Live TV Online -- Even Sports -- Is Not Attracting Audiences - Multichannel

Live TV Online -- Even Sports -- Is Not Attracting Audiences

Only 11% of streaming users pay for live content, Cogent study finds
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Live video streaming has yet to find a significant audience, according to a just-released Cogent Reports study by Market Strategies International, which found that only 11% of streaming customers pay for live streaming video. Moreover, the analysis identified a preference for watching over-the-top streams on smart TV sets in homes with those devices, although smartphones are also popular.

In the context of recent deals (like the $1.5 billion plan for Verizon Wireless to stream National Football League games), the Cogent findings underscore the hopes and expectations of media companies.

Related: PwC Sees Sports Media Rights Overtaking Gate Receipts Next Year

"Live-stream TV features, such as real-time viewing and access to sports or local programs, don’t produce the same lift in reach that comes from improved navigation and expanded content," according to the report, titled "StreamOn." A sample of the report's findings is available here.

“TV providers are failing to recognize that the habits and needs of the viewer have dramatically changed, and the old rules of television no longer apply,” said Greg Mishkin, vice president of research and consulting at Market Strategies. “TV providers must evaluate and revise the business model to fit the needs of the consumer, because if they don’t, they are setting themselves up to fail.”

"Different needs" lead to various behaviors, according to Cogent's report. It identified three types of users: "Complementers," who pay for a streaming service in addition to traditional pay TV (about 53% of respondents,); "Supplementers," who cancel or downgrade traditional Pay TV (29%); and "Testers," who do not pay for streaming services but have tested various offers (19%).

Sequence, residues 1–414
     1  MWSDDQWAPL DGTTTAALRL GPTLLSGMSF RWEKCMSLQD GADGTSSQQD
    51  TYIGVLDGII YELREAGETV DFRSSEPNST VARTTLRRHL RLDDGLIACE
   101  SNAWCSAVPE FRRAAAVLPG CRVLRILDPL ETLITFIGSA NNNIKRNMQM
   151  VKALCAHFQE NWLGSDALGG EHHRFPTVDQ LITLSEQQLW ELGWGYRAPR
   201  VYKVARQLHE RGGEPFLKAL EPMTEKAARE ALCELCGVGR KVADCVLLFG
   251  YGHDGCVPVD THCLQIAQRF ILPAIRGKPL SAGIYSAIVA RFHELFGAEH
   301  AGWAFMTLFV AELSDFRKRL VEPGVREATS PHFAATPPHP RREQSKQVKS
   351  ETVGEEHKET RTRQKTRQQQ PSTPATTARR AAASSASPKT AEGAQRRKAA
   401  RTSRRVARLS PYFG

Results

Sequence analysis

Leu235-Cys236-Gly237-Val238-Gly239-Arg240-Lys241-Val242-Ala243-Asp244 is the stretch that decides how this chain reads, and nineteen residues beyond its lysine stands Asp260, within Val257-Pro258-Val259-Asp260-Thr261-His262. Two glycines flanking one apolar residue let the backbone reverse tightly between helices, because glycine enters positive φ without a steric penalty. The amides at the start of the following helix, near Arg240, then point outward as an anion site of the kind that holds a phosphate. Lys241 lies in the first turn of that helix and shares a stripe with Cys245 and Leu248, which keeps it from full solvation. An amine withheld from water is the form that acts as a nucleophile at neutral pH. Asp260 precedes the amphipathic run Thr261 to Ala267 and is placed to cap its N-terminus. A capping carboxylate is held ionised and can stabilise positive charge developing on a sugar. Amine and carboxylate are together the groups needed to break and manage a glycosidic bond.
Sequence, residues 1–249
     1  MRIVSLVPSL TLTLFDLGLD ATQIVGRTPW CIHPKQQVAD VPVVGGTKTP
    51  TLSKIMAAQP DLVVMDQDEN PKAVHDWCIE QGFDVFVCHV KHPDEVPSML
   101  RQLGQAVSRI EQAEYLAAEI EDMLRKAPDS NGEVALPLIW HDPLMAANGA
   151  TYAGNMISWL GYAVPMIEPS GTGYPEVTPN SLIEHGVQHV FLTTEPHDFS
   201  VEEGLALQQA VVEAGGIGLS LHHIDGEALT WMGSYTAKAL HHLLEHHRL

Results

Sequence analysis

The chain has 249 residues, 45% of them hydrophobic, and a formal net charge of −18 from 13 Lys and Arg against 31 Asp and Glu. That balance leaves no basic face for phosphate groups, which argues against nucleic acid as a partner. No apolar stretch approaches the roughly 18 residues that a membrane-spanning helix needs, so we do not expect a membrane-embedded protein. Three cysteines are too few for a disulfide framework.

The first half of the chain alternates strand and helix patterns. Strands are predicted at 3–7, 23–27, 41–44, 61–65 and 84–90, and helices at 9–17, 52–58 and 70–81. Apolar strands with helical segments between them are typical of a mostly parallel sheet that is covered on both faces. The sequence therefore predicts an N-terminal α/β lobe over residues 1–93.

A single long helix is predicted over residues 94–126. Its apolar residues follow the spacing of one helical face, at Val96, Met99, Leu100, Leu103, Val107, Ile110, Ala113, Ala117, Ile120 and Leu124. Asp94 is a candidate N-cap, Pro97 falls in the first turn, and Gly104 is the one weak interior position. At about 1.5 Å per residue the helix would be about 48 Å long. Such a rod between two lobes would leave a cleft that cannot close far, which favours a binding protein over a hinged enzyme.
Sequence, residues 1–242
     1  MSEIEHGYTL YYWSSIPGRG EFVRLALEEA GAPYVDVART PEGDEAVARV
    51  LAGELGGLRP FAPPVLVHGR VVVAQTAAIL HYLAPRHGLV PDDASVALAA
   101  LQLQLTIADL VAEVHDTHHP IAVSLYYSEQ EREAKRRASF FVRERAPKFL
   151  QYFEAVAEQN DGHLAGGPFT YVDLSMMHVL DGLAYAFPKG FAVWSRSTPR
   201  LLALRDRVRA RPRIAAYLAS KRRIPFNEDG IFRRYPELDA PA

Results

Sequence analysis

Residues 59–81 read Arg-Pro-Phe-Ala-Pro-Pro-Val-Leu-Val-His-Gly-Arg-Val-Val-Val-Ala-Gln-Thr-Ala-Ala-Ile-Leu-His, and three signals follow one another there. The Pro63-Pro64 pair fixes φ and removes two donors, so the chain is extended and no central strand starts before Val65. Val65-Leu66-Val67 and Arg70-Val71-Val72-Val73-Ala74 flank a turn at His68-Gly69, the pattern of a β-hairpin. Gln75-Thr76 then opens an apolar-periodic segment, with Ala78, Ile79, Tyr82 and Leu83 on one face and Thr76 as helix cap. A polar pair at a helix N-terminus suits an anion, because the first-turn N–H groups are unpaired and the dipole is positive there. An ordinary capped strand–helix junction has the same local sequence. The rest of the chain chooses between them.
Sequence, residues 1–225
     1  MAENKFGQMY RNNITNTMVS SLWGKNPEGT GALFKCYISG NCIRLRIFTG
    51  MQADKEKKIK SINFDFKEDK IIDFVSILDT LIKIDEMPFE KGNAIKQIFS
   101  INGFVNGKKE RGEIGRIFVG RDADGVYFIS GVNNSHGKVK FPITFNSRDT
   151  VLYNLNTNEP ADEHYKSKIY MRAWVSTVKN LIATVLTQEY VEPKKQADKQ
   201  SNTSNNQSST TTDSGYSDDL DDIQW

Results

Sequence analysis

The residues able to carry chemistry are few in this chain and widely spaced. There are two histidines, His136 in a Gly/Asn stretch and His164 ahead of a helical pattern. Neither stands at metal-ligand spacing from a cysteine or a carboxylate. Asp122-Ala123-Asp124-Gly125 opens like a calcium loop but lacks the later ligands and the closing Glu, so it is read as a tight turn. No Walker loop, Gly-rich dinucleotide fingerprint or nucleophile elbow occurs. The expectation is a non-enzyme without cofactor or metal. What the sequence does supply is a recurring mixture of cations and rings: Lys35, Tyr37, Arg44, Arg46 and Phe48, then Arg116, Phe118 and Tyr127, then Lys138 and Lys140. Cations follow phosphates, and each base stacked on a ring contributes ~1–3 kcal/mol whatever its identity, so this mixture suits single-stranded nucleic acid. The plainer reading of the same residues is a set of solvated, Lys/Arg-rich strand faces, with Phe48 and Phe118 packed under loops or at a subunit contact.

Cogent's analysis also identified that computers, smartphones and smart TVs were the most-used devices on for streaming shows (see chart). In homes with a smart TV, 91% of streaming customers use that screen, but overall, computers are the favorite device (65% of consumers view videos on it), while 45% use smartphones -- substantially more than use tablets (34%), gaming consoles (31%), or streaming media players (25%) or sticks (17%).

The study includes customer satisfaction responses for quality, reliability and overall satisfaction (mostly in the 86% to 91% range) for Netflix, Amazon Prime Video and Hulu.

The broad popularity of streaming was underscored by the finding that 73% of respondents have used a paid streaming service; of the remaining 27% of respondents, 44% haven't used any streaming service and are unaware of any video streaming services (the report classified them as "out of category").

According to the report, the qualitative expectations around live streaming may be partly content-related: Some of today’s attraction to live streaming stems from the gaps in content on VOD streaming services, including the delay between the live air dates of network programs and their release dates on other services.

"This may explain the relatively low boost in reach associated with 'real-time/live viewing.'" said the study. "As usage patterns change, many are becoming accustomed to watching time-shifted TV, but the shift needs to be brief. If streaming providers figure out how to solve for that, live-streaming needs may change."

Using a "base-streaming service" priced at $10 per month appealing to 40% of its survey sample, Cogent found that local programming attracted only 4% more viewers, "real-time live viewing" added 3% and live sports added 2%.

Video Transcends "Commodity" Status
"Video is more than just a commodity," Cogent's analysis concluded.

It "facilitates" social and emotional needs, including family activity, relaxation, stress reduction, education and adventure, according to the report.

In its study, Cogent found that 48% of streaming customers often watch videos with others, and 22% frequently converse (multitasking) via social media while watching video streams. About two-thirds of streaming viewers often watch alone.

In a granular analysis of the potential streaming market, the report found that:

· 82% of respondents paid for a streaming service;

· 44% had "trialed" (tested) a streaming service;

· 32% had shared a streaming service; and

· 3% had both trialed and shared a service.

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